Russ Duritz is a wealthy L.A. image consultant, but as he nears 40, he's cynical, dogless, chickless, estranged from his father, and he has no memories of his childhood. One night he surprises an intruder, who turns out to be a kid, almost 8 years old. There's something oddly familiar about the chubby lad, whose name is Rusty. The boy's identity sparks a journey into Russ's past that the two of them take - to find the key moment that has defined who Russ is. Two long-suffering women look on with disbelief: Russ's secretary, Janet, and his assistant, the lovely Amy, to whom Rusty takes a shine. What, and who, is at the end of this journey? Written by
WILHELM SCREAM: While Russ is talking to Amy, someone screams on a movie on TV Rusty is watching. See more »
Russ and Rusty are supposed to be the same person however Bruce Willis (Russ) is left handed while Spencer Breslin (Rusty) is right handed. This is especially noticeable during the scene where Russ and Rusty are playing cards out on the balcony but can also be seen when the characters are are doing other things such as eating. See more »
Why wouldn't your eight-year-old self time travel here to give you a hand? You're obviously in trouble. He could straighten you out!
You think he's here to straighten *me* out?
Well of course! You didn't think it was the other way around, didja?
Maybe he's here for you to teach him some things... but maybe he's here for you to remember some things, ever thought about that?
Not until just now, no.
Look, you're turning forty tomorrow, you haven't acquired a single thing of real ...
[...] See more »
At the end of the movie there is an explanation for why the moon appears orange when it rises. This is a reference to a question posed to Russ Duritz by his 8-yr.-old alter ego, which Russ later asks his assistant to check on. See more »
"The Kid" is a movie that will touch the hearts of two groups of people - children and grown-up cynics. In the leading role is Bruce Willis, who in my opinion must be one of the most versatile actors around. He plays the part of the cynical jerk Russ very well :).For most of the movie you cannot help but to hate him as he constantly ridicules the weaknesses of the people around him, and love him as you somehow know that there's a tiny seed of kindness waiting to grow.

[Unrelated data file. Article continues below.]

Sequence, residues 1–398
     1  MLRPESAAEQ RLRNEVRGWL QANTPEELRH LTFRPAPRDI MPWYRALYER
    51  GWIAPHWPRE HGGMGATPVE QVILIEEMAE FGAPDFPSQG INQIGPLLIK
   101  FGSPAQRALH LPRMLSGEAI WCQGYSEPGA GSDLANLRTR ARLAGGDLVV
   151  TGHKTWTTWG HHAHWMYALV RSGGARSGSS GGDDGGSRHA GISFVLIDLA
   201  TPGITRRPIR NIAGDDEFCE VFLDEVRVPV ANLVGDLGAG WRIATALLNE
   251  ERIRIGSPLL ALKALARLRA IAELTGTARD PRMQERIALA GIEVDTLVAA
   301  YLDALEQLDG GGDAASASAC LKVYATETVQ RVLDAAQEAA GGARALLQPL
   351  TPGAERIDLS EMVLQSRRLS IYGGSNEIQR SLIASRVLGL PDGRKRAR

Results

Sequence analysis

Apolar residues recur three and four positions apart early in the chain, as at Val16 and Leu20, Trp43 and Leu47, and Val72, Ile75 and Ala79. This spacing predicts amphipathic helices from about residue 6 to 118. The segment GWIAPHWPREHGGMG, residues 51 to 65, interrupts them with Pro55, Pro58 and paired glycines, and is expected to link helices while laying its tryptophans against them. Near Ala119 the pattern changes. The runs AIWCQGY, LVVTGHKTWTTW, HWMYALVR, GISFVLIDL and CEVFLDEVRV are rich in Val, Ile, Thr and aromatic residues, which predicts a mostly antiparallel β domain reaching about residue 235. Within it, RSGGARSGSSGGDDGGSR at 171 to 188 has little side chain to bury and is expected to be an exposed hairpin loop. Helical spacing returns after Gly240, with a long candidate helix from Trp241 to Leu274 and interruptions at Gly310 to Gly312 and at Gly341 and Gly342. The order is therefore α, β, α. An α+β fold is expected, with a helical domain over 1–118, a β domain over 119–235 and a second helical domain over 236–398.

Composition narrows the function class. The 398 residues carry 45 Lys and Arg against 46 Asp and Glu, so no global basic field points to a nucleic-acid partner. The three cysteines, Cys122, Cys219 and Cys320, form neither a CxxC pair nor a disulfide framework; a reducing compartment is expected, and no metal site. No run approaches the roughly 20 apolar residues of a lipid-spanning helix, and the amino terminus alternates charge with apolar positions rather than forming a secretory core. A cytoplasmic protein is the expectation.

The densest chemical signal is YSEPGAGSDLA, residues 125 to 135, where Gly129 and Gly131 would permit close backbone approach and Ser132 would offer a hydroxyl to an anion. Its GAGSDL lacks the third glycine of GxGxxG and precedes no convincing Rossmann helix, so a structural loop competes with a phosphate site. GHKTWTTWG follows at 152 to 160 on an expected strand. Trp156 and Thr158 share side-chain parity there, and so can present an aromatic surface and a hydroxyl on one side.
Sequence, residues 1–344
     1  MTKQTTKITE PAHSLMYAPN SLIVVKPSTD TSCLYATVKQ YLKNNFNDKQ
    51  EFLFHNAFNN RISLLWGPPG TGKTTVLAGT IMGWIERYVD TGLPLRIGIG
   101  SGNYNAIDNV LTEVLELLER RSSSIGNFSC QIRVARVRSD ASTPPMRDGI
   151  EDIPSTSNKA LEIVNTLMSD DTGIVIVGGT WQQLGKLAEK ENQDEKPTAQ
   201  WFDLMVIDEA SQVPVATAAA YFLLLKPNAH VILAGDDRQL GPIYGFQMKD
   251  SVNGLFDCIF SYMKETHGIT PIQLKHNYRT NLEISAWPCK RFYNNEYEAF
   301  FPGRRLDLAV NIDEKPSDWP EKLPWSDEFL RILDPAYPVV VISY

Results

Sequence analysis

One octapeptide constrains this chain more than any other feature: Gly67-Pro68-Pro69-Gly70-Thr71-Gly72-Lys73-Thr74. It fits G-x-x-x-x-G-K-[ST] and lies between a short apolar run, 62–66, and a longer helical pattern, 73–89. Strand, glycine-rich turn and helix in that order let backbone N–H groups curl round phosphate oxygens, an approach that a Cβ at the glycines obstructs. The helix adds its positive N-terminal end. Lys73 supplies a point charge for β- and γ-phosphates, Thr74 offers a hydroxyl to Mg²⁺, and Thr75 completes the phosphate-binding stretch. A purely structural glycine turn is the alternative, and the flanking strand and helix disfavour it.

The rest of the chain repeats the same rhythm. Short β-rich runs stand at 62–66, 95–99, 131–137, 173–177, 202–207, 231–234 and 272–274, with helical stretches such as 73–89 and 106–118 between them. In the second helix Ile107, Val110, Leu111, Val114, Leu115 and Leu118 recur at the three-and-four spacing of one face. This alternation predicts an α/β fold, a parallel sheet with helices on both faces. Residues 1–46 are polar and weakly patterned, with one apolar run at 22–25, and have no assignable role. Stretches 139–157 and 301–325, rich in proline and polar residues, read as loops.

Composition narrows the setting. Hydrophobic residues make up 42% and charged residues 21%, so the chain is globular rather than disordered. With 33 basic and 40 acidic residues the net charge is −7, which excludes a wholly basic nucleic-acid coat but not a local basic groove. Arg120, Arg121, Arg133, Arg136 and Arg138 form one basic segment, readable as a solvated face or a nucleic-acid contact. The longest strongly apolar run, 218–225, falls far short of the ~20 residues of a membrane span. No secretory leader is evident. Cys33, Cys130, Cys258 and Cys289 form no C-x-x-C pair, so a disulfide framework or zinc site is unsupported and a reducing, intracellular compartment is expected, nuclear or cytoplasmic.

Emily Mortimer is extremely lovable as Amy, who works for Russ. Her acting is good, and I have to admit that I had to succumb to her cuteness- and I doubt anyone could help but to cheer her on through the whole story, she's so good as Russ's employee, who would like to like him, but gets shoved off every time she tries to be nice.
The story is fun and imaginative. Russ's eight-year-old self travels to the future to meet him as a thirty-nine year old. The young Russ doesn't think much of Russ's achievements (chickless, dogless...) while Russ doesn't want to remember that he was once an overweight, whiny loser.
Don't write it off as just another family movie thinking that you'll be able to predict the whole storyline. You won't. Sure, the guy gets the girl, and young Russ and old Russ grow to like each other and help each other out.
But as you watch the final ten minutes of the movie, as things start to get wrapped up, you will suddenly sit erect, brain churning, and when you figure it all out, you lie back, try to keep back the wide grin that is forcing itself on your face, give up, and say "Holy smokes!"
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